Eusebius says (ad Marin. Quaest. 1, vol. 4) that the Long Ending was not in the 'accurate copies' of his day; later writers copy Eusebius. Tertullian, Cyprian, Athanasius, and Cyril of Jerusalem are silent about the Long Ending; and this would be very significant if it were not that Cyril of Alexandria and Theodoret are also silent, though they must have known verses which were in wide circulation in their time. Here we must note, further, that the fact that the Short Ending could scarcely have been the original close of the Gospel (see below), is no argument for the genuineness of the other two extant endings. No writer before Eusebius is known to have rejected them, and their presence in all later MSS shows that the successors of Eusebius, in spite of his great authority, did not follow his judgment in the matter.

JesusOne of the earliest, and if long continued popularity may warrant the saying so, one of the happiest attempts to give to the evangelical narrative a biographical form, was that of J.J. Hess of Zurich. First published in 1768, it since re-appeared in various editions down to the 19th century. Hess cherished the belief that, with a slight measure of concession on the part of orthodoxy, the Gospel narrative might be made to harmonise admirably with the requisitions of biography. Hess naturally tries to be as conservative as possible; he throws into forced union the inconsistent accounts of the infancy given by Matthew and Luke, distinguishes the nobleman of Capernaum in John from the centurion in Matthew, the supper of the washing of the feet from that of the institution of the Eucharist: but then he is unable to admit two cleansings of the temple, although the one narrated by John occurs at the first visit to Jerusalem, that of the other Evangelists at the last and only visit.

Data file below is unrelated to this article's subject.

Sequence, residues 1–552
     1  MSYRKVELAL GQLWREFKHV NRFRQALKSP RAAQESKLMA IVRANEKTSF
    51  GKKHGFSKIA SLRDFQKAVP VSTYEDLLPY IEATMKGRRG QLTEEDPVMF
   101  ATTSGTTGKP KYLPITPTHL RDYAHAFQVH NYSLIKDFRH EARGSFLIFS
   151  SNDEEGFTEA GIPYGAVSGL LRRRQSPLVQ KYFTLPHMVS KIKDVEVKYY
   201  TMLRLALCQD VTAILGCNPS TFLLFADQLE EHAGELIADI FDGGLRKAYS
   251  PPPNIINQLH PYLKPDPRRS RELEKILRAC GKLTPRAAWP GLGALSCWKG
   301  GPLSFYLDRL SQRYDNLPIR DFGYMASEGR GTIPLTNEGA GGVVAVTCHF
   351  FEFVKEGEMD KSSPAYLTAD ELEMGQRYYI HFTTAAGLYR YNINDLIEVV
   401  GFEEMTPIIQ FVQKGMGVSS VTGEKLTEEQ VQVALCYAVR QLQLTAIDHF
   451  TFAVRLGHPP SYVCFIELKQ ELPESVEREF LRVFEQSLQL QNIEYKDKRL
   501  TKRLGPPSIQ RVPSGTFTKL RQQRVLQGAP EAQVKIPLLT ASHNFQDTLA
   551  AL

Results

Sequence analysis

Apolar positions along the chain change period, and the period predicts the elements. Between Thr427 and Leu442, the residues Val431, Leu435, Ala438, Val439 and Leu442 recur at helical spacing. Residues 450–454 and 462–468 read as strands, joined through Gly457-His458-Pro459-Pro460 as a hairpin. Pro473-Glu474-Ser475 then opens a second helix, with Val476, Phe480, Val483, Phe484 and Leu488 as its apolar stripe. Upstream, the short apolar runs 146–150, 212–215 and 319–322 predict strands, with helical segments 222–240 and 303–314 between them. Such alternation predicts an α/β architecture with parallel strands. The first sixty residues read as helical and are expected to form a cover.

At a time when the teachers of the insular and stipendiary Church of England were declaring that "infidelity " was no longer associated with scholarly names, while English theology and philosophy, under ecclesiastical auspices were at an absolute standstill, German thought was applying rational tests, strenuously if imperfectly, to nearly every department of traditional knowledge. The progress, of course, was halting and uncertain at best. Most of the innovators were vacillating and inconsistent werein their advance; they were always trying to limit their concession, attempting first to explain miracles as natural events, then admitting myth to a certain extent, seeking for each myth a historical basis, striving to limit the field of myth to early times, trying later to draw a line between the Old Testament and the New, and next to admit myth as regards only the infancy of Jesus always compromising in the interests of faith, or of simple peace and quietness.

It is not asked what Jesus really said or did, but only what the reporters make him say or do; not what a given evangelical narrative portends in itself, but only what the narrator meant or desired under certain circumstances and with certain tendencies peculiar to himself. In this way we have to do with the Evangelists alone, and the Lord is left out of sight: just as constitutional governments throw responsibility on ministries and exempt the crown.

In 1750, J.D. Michaelis published his Introduction to the Divine Scriptures of the New Covenant, and in the fourth edition of that work he examined with caution and candour the origin of all the New Testament books. Michaelis was followed by Semler in his Treatise on the Free Investigation of the Canon, the very title of which seemed to mark the new principle of inquiry which was abroad. Semler has been recently called 'the father of criticism'; and if that title is not always appropriate to him, but the break which he caused between the traditional views of inspiration led to the free examination of the authority and origin of each sacred book.